1 title per month from Audible’s entire catalog of best sellers, and new releases.
Access a growing selection of included Audible Originals, audiobooks and podcasts.
You will get an email reminder before your trial ends.
Your Premium Plus plan is $14.95 a month after 30 day trial. Cancel anytime.
Buy for $24.95

Buy for $24.95

Pay using card ending in
By confirming your purchase, you agree to Audible's Conditions of Use and Amazon's Privacy Notice. Taxes where applicable.

Publisher's Summary

In 2004 the world was first introduced to The Filthy Thirteen, a book describing the most notorious squad of fighting men in the 101st Airborne Division (and the inspiration for the movie “The Dirty Dozen”).

In this long awaited work one of the squad’s integral members - and probably its best soldier - reveals his own inside account of fighting as a spearhead of the Screaming Eagles in Normandy, Market Garden, and the Battle of the Bulge.

Jack Womer was originally a member of the 29th Infantry Division and was selected to be part of its elite Ranger battalion. But after a year of grueling training under the eyes of British Commando instructors, the 29th Rangers were suddenly dissolved. Bitterly disappointed, Womer asked for transfer to another elite unit, the Screaming Eagles, where room was found for him among the division’s most miscreant squad of brawlers, drunkards, and goof-offs.

Beginning on June 6, 1944, however, the Filthy Thirteen began proving themselves more a menace to the German Army than they had been to their own officers and the good people of England, embarking on a year-of ferocious combat at the very tip of the Allied advance in Europe.

In this work, with the help of Stephen DeVito, Jack provides an amazingly frank look at close-quarters combat in Europe, as well as the almost surreal experience of dust-bowl-era GI’s entering country after country in their grapple with the Wehrmacht, finally ending up in Hitler’s mountaintop lair in Germany itself.

Throughout his fights, Jack Womer credited his Ranger/Commando training for helping him to survive, even though most of the rest of the Filthy Thirteen did not. And in the end he found the reward he had most coveted all along: being able to return to his fiancée Theresa back in the States.

©2012 Stephen C. DeVito and Jack Womer (P)2013 Audible, Inc.

More from the same

What listeners say about Fighting With the Filthy Thirteen

Average Customer Ratings
Overall
  • 4.5 out of 5 stars
  • 5 Stars
    48
  • 4 Stars
    8
  • 3 Stars
    6
  • 2 Stars
    3
  • 1 Stars
    0
Performance
  • 4.5 out of 5 stars
  • 5 Stars
    45
  • 4 Stars
    8
  • 3 Stars
    6
  • 2 Stars
    3
  • 1 Stars
    0
Story
  • 4.5 out of 5 stars
  • 5 Stars
    46
  • 4 Stars
    7
  • 3 Stars
    7
  • 2 Stars
    2
  • 1 Stars
    0

Reviews - Please select the tabs below to change the source of reviews.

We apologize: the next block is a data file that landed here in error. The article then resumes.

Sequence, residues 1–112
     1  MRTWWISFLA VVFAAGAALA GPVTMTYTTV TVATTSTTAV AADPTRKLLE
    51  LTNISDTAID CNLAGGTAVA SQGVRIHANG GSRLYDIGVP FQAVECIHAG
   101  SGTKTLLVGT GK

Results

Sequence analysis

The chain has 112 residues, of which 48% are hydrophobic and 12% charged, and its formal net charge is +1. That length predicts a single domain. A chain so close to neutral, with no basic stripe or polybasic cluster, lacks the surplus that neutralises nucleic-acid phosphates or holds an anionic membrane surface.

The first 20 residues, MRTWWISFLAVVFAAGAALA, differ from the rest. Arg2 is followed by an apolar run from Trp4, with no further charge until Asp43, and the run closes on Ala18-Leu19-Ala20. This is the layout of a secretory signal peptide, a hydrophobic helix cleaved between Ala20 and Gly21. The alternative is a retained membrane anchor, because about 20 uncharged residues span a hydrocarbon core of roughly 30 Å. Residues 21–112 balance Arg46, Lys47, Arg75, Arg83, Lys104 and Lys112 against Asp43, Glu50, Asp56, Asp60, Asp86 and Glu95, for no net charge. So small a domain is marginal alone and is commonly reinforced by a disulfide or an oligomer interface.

Sort by:
Filter by:
  • Overall
    5 out of 5 stars
  • Performance
    5 out of 5 stars
  • Story
    5 out of 5 stars

Interesting listen

I really enjoyed this book, I have listened to lots of WW2 books, this one wasn't as in depth in the battles but also talked about how he got drafted, living in England, even his English girlfriends, then how they lived as they went through Germany in the final few days of the war.
Lots of shorter anecdotes, kept u listening and entertained for the whole book.

2 people found this helpful

  • Overall
    5 out of 5 stars
  • Performance
    5 out of 5 stars
  • Story
    5 out of 5 stars

The Filthy Thirteen minus a lot of the bragging

If you found yourself listening to this book you most likely listened to / read The Filthy Thirteen first. The author even mentions that book several times, as he was also in that small elite unit. Both stories obviouslly have similarities, yet, they are different and shift course. In this story you have Jack Womer a hard working man who was drafted and didn't want to go to war, but did his duty and then some. He doesn't smoke or drink, gamble, or cause many problems for his commanders unlike his rebellious hard drinking and hard fighting Sergeant, Jake McNiece (the main figure in the original Filthy Thirteen book).

Both books are great, but they have different tones. Jake's book has him down as a rebellious at times bragadocious misfit who deep down has a heart of Gold. Jack on the other hand reads more like most other WWII American memiors, which is actually a really good paring for the original book.

Jack Womer certainly was a hero, he did a lot for his country. This book highlights that well. It also has some areas not overly discussed in other memoirs, he digs deep in to his training as a ranger, he was drafted but joined elite units out of wanting to be the best, he openly talks about having a fiance back home and a girlfriend in England (they apperently knew about eachother), watching V1 rockets from the tower bridge with his gf, he fought a day or two after VE Day when his unit was ambushed by Nazi guerillas, he also readily talks about his combat stress and PTSD in others etc... Of course he did a lot more, but those stood out.